The publication of A Birthday Cake for George Washington elicited a great deal of commentary, much of it angrily claiming that the book is racist. At first, its publisher, Scholastic Press, stood by the book, stating the truism that "no single book will be acceptable to every reader." Two days later the company changed course, announcing that it was withdrawing A Cake for George because it "may give a false impression of the reality of the lives of slaves." To its critics, the decision was an easy call. How on Earth did someone decide that a children's picture book depicting 'smiling slaves' was a good idea? They argued that the book perpetuates a false narrative, obscuring the cruelty and injustice of slavery. Some saw the book as the inevitable product of a predominantly white publishing industry. But this case actually provided a notable exception: The creative team behind the book is composed of women of color who most certainly did not intend to "whitewash" history. According to them, the intent was to show "the joy in what [the characters] have created through their intelligence and culinary talent," even while acknowledging the "vast injustice" of slavery. For critics, however, good intentions are not enough to save a book that they think sends an incorrect and even dangerous message to impressionable children. No one questions the right to raise pointed criticisms about literature or artistic works, or to question the accuracy of historical accounts. Publishers confronted with such criticism face a dilemma; Scholastic withdrew the book, but claimed that decision had nothing to do with the controversy—the book was pulled "because it did not meet the standards which support our publishing mission." Even if this is true, the sequence of events is suggestive to those on both sides of the decision. In fact, some of those who pressed for the book's withdrawal claim that their campaign prompted Scholastic's decision. Citing their victory, some are now targeting eight other books which they want Scholastic to withdraw because they "do not accurately portray Native peoples." This should come as no surprise. The withdrawal of a book after objections about its content or message inevitably invites demands to remove other books, and the history of book censorship proves that almost no book is safe from attack.  From Shakespeare to Faulkner, Twain to Morrison, the Bible to the Koran, literature has always caused offense, and the offended have always sought to remove the offending item. And this is true for all kinds of books. Just recently, a popular children's book mentioning a gay character was removed from school book fairs out of fear that it might offend some parents. This is why free speech advocates defend books as a matter of principle, not as a statement of their value: experience teaches us that there is no place to draw a line. The book you hate may be the book I love, and vice versa. Should a publisher ever withdraw a book?  Publishers, of course, have the "right" to pull any book. Their decision would probably not be questioned if it was done to remove egregious errors or defamatory statements.  But when the decision is, or appears to be, in response to objections to specific ideas or views, it's more problematic. We need publishers and the media generally to provide access to a wide range of ideas, even ones that are controversial and possibly wrong-headed. What we do with them is up to us. Sometimes truths are revealed only by exploring falsehoods. Withdrawing a book from circulation—which makes it disappear as effectively as burning—is a dangerous course. The book is gone.  By the same logic, other books will also disappear, or never be written. But there’s another compelling cause for concern: Censorship often works against those who are the most marginalized—historically, women, minorities, and dissidents. Maybe A Birthday Cake for George Washington would, as its critics claim, encourage readers to downplay the evils of slavery. Alternatively, perhaps readers would take pride in its characters' improbable accomplishments.  Would the book have generated additional discussion and debate, or spurred interest in the history of slavery or in Washington's role as a slave owner?  Perhaps, but unfortunately we'll never know.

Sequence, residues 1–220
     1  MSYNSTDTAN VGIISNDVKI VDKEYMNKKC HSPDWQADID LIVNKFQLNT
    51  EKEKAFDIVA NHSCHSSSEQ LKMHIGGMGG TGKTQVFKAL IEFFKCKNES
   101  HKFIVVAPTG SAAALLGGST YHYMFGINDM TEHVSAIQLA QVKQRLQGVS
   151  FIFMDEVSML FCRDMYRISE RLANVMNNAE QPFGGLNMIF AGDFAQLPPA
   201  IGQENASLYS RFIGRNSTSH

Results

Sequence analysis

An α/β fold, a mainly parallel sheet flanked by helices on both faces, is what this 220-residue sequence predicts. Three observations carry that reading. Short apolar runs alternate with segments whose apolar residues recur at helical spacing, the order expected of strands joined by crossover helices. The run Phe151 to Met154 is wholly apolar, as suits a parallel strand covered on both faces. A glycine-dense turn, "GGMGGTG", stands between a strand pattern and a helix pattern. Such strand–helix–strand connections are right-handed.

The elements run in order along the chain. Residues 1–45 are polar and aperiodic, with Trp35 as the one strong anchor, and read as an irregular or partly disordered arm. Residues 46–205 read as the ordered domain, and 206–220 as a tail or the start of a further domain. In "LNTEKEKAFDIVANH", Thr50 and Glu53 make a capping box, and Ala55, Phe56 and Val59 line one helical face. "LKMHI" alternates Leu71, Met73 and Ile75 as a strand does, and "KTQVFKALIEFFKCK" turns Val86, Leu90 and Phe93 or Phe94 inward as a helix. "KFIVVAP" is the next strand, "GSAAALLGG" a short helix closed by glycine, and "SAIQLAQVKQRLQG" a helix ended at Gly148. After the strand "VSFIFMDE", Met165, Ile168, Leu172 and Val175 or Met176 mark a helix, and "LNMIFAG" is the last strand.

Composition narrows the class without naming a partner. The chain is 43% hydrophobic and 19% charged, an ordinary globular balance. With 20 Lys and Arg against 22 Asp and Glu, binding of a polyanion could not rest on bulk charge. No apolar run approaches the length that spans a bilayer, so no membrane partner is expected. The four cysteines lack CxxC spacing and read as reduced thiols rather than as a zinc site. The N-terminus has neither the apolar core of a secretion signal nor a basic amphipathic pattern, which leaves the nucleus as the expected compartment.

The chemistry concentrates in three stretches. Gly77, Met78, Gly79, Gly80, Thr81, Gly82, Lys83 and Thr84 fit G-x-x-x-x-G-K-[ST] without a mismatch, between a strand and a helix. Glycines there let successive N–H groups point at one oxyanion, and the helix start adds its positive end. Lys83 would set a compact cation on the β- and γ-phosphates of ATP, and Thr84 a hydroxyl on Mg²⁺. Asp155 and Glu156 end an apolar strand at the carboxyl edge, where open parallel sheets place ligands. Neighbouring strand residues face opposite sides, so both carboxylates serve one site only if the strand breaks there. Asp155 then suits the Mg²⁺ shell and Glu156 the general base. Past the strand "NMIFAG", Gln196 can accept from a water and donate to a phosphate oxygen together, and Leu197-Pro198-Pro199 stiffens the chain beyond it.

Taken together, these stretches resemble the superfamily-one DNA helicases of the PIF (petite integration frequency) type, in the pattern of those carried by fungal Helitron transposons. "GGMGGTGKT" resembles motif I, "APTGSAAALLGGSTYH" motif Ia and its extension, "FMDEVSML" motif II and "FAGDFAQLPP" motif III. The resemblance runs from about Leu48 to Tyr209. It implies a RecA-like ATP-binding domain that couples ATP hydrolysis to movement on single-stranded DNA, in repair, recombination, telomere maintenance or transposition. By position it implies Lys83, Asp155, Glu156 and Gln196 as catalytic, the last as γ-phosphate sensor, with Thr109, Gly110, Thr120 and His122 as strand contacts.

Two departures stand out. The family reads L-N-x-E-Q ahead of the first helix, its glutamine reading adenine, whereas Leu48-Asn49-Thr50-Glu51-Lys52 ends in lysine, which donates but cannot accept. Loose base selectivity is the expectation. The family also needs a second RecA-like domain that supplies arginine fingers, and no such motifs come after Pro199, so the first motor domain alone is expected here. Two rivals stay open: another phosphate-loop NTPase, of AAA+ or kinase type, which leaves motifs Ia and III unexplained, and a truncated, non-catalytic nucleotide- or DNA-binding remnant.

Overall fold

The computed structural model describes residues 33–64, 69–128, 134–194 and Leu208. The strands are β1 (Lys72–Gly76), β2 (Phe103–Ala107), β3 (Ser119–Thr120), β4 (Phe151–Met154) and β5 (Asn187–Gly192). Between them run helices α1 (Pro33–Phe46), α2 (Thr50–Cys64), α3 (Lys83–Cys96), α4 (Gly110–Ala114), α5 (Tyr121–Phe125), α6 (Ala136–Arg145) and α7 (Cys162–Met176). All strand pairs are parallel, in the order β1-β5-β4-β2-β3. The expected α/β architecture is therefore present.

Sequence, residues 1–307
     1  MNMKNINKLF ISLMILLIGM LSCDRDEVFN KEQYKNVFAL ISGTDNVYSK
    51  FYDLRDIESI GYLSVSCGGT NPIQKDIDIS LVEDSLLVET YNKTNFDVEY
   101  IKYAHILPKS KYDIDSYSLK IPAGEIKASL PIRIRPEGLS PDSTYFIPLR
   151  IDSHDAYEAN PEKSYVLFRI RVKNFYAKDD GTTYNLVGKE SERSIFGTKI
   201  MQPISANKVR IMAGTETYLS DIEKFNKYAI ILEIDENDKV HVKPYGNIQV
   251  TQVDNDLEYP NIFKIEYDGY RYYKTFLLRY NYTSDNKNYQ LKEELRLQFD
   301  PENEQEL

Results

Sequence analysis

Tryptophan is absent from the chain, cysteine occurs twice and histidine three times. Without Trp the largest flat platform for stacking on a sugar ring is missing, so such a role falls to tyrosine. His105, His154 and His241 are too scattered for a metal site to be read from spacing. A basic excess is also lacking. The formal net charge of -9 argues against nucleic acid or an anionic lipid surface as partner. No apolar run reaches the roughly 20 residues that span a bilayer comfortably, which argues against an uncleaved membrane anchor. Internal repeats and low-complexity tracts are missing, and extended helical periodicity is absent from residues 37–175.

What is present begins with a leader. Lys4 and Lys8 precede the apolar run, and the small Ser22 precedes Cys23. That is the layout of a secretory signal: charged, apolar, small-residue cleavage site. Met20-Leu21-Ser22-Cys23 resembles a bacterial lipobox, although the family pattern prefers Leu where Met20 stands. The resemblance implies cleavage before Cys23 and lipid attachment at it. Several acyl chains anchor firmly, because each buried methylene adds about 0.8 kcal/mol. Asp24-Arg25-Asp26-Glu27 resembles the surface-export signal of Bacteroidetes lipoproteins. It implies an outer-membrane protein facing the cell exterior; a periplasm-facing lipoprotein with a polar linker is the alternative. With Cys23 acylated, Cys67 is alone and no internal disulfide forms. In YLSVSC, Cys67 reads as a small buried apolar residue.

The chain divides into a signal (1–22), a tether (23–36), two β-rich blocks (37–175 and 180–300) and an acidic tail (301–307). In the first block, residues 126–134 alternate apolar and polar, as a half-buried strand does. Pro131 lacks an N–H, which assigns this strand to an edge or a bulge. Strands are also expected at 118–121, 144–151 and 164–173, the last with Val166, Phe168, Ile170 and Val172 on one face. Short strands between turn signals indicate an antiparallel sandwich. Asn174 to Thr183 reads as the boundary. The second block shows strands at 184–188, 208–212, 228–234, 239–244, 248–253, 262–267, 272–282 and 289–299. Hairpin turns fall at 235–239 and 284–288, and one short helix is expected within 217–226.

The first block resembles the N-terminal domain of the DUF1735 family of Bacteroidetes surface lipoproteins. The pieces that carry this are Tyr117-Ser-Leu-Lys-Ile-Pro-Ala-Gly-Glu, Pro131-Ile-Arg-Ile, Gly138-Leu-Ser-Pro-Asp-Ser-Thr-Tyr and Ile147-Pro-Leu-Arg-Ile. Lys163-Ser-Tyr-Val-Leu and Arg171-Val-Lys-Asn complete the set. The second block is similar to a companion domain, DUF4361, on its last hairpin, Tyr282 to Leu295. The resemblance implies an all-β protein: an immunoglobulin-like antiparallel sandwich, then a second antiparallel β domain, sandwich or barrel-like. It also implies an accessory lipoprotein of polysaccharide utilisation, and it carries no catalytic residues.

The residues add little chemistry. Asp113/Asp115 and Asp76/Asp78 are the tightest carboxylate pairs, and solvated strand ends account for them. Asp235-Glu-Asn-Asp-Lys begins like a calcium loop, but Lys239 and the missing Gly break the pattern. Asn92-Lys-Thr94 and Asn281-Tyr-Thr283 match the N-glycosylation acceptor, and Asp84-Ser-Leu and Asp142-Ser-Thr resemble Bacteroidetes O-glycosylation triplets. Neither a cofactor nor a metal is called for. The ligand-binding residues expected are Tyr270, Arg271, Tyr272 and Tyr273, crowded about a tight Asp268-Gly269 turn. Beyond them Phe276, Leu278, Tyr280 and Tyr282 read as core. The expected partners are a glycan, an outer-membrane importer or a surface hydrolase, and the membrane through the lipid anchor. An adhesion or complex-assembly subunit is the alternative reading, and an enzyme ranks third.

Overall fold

Joan Bertin is executive director of the National Coalition Against Censorship. Bertin is a graduate of NYU Law School, where she was a fellow in the Arthur Garfield Hays Civil Liberties Program. After law school, she spent seven years representing indigent clients as a legal services lawyer, and more than a dozen litigating civil rights and civil liberties cases at the ACLU. She has taught at Columbia University, where she remains on the faculty, and at Sarah Lawrence College, where she held the Joanne Woodward Chair in Public Policy, but prefers activism to academia. She frequently speaks and writes on legal and policy issues, and is the author of more than 30 chapters and articles in professional books and journals.
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More people would rather not feel uncomfortable than support the principle of Evelyn Beatrice Hall: "I disapprove of what you say, but will defend to the death your right to say it." In the balance between free speech and discomfort, discomfort wins. The latest Pew research is that 40% of millennials would support a revision of the First Amendment so that it it would not cover offensive speech.

Posted : Feb 10, 2016 11:55